State of New Mexico Indian Affairs Department
The New Mexico Missing and Murdered Indigenous Women and Relatives (MMIWR) task force releases its final report and recommendations to Governor Michelle Lujan Grisham. The Missing and Murdered Indigenous Women and Relatives task force was convened by the New Mexico Indian Affairs Department in 2019 following the passage of House Bill 278, which called on the state to research the crisis of missing and murdered indigenous women and relatives.
This issue which has been identified as a national epidemic has come to the forefront as the numbers of abductions and murders of American Indian and Alaska Native women has received national attention through the advocacy of family members and grassroots organizations. Nationally, Native women and girls are nearly twice as likely to experience violence as their non-Native counterparts. In the southwest region, 46% of Native women have reported they have been the victim of sexual assault or violence in their lifetimes. And the most disturbing finding is that murder is the third leading cause of death for American Indian and Alaska Native women.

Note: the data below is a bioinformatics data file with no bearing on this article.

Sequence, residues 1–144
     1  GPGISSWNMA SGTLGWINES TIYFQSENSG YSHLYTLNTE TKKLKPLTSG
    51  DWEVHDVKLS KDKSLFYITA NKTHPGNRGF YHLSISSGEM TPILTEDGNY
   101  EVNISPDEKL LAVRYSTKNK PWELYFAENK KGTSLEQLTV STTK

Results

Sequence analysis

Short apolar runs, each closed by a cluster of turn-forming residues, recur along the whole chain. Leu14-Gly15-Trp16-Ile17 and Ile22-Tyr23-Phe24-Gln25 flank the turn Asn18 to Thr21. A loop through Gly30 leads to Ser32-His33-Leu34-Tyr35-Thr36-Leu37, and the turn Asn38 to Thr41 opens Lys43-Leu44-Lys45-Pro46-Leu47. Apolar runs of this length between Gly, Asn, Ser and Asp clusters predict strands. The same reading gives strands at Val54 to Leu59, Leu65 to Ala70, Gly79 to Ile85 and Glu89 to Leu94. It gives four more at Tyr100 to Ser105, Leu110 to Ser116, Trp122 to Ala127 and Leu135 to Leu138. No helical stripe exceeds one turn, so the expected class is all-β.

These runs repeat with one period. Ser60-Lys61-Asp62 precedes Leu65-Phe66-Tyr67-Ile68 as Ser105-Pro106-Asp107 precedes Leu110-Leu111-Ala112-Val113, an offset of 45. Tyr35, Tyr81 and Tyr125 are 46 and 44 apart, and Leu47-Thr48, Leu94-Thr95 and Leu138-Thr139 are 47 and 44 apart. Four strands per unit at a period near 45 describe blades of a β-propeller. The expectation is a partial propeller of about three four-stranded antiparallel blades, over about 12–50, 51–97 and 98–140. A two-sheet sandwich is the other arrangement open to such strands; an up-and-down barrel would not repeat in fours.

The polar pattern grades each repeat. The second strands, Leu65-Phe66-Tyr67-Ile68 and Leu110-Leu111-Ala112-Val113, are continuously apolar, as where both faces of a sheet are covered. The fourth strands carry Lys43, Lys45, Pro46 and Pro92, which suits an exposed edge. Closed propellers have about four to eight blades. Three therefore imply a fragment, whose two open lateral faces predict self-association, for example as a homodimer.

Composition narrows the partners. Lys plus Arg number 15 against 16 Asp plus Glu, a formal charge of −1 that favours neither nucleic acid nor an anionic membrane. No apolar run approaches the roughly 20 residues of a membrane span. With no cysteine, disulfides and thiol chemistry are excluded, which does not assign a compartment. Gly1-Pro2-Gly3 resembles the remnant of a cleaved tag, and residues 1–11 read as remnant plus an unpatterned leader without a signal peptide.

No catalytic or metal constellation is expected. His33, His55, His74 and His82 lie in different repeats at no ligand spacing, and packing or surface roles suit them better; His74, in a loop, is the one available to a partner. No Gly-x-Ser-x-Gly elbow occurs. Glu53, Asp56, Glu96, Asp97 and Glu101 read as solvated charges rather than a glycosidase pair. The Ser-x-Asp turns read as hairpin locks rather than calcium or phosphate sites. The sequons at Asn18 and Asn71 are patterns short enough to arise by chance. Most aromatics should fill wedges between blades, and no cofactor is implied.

“We honor and acknowledge the strength and perseverance of all survivors and families who have shared their experiences and testimonies with the task force and helped to guide us with recommendations for the final report that will be submitted to Governor Lujan Grisham,” said Secretary Lynn Trujillo. “The statistics are alarming; it is our responsibility to continue our work towards identifying and breaking down systemic barriers while working towards creating safe spaces for our indigenous women and relatives.”
“On behalf of the Navajo Nation Office of the President and Vice President, we extend our appreciation to Gov. Michelle Lujan Grisham, the task force members, partners, and volunteers, who collaboratively gathered data, provided testimonies, analyzed data, and provided recommendations regarding the Missing and Murdered Indigenous Women and Relatives crisis that affects each of our lives and tribal communities. It requires patience, unbreakable focus, and unconditional commitment to identify gaps and barriers that families, survivors, and victims’ encounter. Our work continues within each of our tribal communities, but together with faith and dedication, we can heal, restore, and reunite families,” said Navajo Nation First Lady Phefelia Nez.
Over the past year, the Missing and Murdered Indigenous Women and Relatives task force worked in collaboration with tribal governments, tribal law enforcement, and the U.S. Department of Justice. The task force has worked to determine the scope of problems, identify barriers, and create partnerships to help improve processes for reporting and investigating cases of missing and murdered Indigenous relatives.